I read this AM that bucktooth Gower says the first NZ poll this year is out…and has some shocks, including the prediction it is going to be a very close G/election result. That was never going to be a surprise.

    May be. May be not. Far too soon to be definitive, apart from a Nats victory if the economy does, as predicted by most, leap ahead, debt goes down, and tax cuts are done on a two stage rocket… October and April…both added to ACC premium cuts.

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  14. jakejakejake (135 comments) says:

    If the government has to borrow to pay for tax cuts, as was the case last time, then it is giving away our children’s money.

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  15. Pete George (22,851 comments) says:

    @patrickgowernz says 3 News-Reid Research poll tonight – gamechanger.

    The game is now the media have a poll to make news with?

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  16. Joanne (177 comments) says:

    National will be ahead by Labour by default. If not McCready should go after the polsters for misleading us or something.

    Labour is a policy shambles and the party faithful are making dicks of themselves trying to defend them.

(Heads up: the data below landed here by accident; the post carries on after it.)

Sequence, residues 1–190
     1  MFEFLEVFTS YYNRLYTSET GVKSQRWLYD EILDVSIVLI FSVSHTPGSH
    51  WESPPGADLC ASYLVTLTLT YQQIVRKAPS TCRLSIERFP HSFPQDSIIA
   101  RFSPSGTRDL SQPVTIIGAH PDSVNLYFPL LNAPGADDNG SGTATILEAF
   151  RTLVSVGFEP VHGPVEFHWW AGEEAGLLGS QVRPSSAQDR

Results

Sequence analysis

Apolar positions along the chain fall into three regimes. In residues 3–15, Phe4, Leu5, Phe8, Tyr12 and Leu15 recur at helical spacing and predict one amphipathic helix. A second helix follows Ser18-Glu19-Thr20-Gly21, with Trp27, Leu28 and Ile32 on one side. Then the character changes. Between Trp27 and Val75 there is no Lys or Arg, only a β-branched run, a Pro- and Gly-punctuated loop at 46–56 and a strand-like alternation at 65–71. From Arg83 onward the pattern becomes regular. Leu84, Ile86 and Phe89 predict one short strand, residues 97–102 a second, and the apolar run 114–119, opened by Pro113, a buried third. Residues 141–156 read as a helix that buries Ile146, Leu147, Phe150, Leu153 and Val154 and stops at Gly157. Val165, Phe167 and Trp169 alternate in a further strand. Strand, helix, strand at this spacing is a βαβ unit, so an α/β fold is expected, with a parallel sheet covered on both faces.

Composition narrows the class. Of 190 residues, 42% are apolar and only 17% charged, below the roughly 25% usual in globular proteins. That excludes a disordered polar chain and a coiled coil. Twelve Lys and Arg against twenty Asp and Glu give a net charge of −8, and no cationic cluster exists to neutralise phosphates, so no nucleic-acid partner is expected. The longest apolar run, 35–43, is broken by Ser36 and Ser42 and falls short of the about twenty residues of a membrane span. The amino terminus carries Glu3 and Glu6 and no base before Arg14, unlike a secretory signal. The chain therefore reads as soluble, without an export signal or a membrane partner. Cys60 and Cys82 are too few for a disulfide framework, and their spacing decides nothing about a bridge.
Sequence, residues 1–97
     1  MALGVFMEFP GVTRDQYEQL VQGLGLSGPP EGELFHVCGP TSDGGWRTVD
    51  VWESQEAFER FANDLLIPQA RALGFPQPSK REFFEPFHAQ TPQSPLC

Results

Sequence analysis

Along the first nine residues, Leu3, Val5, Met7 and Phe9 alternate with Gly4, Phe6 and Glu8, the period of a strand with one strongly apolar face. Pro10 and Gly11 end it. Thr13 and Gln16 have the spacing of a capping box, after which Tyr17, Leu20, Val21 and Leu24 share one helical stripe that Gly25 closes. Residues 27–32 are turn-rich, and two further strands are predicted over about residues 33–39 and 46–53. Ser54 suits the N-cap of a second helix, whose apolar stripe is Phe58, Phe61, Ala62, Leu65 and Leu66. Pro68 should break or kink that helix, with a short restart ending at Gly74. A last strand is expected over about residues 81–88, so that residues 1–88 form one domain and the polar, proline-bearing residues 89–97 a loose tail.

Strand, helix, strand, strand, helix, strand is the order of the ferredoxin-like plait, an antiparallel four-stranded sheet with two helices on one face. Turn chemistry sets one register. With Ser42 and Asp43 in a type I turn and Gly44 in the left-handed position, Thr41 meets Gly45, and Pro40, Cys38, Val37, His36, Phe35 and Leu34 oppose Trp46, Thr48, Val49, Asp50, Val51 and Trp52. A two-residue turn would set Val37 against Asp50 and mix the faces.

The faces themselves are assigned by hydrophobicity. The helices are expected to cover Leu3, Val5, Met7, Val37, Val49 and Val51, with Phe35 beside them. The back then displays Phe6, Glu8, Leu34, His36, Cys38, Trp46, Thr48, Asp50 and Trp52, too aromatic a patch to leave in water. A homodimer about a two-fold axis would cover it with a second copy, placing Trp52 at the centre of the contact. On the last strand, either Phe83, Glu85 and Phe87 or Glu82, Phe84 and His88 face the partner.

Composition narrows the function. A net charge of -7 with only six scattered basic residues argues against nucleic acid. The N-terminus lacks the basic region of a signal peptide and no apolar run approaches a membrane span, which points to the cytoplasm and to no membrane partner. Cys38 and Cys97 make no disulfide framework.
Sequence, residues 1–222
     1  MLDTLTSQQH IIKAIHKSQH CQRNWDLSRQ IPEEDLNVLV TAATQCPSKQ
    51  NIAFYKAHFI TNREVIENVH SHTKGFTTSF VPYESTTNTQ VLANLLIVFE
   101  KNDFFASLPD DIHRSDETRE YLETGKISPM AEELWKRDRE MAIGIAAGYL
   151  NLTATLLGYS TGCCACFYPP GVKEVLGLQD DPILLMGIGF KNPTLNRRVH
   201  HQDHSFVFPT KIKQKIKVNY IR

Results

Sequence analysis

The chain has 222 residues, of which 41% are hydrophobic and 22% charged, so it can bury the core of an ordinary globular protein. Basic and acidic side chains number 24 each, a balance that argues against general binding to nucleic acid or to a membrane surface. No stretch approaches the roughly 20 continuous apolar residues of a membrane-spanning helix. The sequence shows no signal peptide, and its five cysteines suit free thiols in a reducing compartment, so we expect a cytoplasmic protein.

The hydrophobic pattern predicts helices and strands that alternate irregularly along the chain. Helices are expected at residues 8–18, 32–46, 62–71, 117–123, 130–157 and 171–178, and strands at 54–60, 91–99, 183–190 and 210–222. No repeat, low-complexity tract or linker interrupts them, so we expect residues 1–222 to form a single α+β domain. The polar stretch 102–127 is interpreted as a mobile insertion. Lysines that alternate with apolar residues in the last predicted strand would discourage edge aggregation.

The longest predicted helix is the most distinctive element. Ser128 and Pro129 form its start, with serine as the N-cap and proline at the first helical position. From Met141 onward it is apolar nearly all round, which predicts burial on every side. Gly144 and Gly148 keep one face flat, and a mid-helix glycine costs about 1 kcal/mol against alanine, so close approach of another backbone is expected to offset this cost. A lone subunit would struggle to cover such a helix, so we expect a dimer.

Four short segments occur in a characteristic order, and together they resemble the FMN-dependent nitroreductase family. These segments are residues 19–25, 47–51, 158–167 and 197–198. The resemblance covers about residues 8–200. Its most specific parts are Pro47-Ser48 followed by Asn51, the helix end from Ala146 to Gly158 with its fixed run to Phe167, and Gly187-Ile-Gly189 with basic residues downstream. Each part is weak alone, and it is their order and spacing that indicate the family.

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  17. Paulus (2,502 comments) says:

    Re the Flag Issue raised by John Key.
    This was to pre-empt Labour from raising it at the election.
    They were going to remit it at the Labour Conference, but it was leaked from Labour HO to a journalist who passed it on, so Key stamped on it first, after having been asked to comment by the media..
    I don’t think he would have bothered otherwise – smart move though.
    Rough opinion polls in the MSM are against it anyhow – it will fail, so let it die a natural way.

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  18. kowtow (7,634 comments) says:

    Paulus

    Key could have just been a good “conservative” ,you know representing the people who voted for him and said “No change,our flag has a proud history,it symbolises our past our traditions,where we’ve come from and where we are.”

    The polls show it’s us oldies and taxpayers who vote ,so why appeal to a vain ,young and electorally non existant constituency with that pathetic line about a sports logo ?

    You’d wonder if the man has any original ideas or genuine depth at all.

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  19. Matt (223 comments) says:

    I’m wondering if the flag issue isn’t meant to give the conservatives a lever to make it over 5%?